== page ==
Contrasting geographical patterns of ancient and modern genetic lineages in Mediterranean Abies species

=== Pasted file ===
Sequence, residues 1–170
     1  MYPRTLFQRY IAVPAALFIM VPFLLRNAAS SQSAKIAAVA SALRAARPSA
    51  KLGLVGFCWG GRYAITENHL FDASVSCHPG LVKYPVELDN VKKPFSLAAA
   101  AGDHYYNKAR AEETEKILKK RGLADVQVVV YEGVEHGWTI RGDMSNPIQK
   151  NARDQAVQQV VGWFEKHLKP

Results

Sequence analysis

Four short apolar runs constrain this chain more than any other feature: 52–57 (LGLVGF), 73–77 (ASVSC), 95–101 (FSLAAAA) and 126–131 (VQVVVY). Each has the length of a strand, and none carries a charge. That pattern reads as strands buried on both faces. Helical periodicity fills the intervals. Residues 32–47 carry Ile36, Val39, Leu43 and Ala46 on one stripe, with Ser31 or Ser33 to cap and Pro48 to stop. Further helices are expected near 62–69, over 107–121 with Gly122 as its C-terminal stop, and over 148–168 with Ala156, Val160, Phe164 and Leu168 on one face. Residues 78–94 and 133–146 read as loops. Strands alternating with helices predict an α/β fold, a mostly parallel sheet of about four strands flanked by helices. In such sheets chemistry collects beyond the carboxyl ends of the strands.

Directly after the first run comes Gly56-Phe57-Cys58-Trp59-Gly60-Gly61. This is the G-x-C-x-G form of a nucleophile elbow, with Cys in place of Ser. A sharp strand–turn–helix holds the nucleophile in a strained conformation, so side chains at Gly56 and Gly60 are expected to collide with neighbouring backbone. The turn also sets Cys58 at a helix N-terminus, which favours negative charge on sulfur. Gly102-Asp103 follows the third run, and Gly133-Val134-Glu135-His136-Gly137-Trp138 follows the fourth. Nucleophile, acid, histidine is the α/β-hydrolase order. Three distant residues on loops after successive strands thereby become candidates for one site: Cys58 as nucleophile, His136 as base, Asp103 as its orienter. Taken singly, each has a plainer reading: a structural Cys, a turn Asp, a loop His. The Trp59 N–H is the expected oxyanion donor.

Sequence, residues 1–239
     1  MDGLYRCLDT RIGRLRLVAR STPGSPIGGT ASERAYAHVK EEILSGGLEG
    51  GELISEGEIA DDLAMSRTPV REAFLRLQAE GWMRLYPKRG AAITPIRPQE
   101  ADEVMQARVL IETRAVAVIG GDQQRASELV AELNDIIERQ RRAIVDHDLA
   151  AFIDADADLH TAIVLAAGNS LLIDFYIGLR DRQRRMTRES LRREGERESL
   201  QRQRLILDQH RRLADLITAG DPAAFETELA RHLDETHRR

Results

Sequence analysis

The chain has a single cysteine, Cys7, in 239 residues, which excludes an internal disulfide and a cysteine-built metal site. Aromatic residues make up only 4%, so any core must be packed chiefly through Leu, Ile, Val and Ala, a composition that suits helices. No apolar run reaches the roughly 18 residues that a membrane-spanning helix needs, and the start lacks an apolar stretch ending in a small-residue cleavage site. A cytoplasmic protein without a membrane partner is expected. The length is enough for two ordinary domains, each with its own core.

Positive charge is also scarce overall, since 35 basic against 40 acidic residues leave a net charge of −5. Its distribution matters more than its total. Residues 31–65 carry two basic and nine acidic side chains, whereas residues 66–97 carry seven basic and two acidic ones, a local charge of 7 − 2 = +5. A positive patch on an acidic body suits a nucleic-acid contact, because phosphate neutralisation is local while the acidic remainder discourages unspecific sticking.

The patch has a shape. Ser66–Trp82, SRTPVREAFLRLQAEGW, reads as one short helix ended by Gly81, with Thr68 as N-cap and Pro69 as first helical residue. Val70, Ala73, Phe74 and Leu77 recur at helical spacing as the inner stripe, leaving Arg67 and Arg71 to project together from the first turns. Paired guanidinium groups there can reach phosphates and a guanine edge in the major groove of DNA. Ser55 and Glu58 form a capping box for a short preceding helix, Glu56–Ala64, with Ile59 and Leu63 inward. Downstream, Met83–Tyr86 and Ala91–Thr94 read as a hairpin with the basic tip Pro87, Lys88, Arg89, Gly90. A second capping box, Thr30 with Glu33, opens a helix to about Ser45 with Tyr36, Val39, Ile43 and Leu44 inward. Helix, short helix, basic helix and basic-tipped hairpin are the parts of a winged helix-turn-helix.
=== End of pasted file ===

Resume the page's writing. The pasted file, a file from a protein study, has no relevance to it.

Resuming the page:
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The diversification and distribution of Abies species throughout the Mediterranean region has led to a complex of species which are difficult to classify. An open question is whether these mainly allopatric taxa have exchanged genetic information via secondary contact. We studied the variation and geographic distribution of paternally inherited chloroplast DNA markers in nine Mediterranean Abies taxa. Markers with high and low mutation rates were applied in order to differentiate among a scenario of secondary genetic contact and a scenario of complete isolation after speciation. The observed molecular variation was analysed using statistical parsimony, geostatistics, and measures of population genetic differentiation. Ancient paternal lineages, represented by markers with low mutation rates, were shared among species. The central and widespread A. alba retained all ancient lineages whereas other species exhibited fewer, down to a single lineage. In contrast, modern lineages, depicted by markers with high mutation rates, were largely separated among species. The western Mediterranean A. pinsapo and A. numidica were clearly separated from each other and from the remaining Abies species. This indicates the absence of secondary contact. The same scenario applies to the eastern Mediterranean Abies species. An exception is the parapatric complex of A. alba, A. cephalonica, and their supposed hybrid A. borisii regis, which exhibited evidence of secondary contact.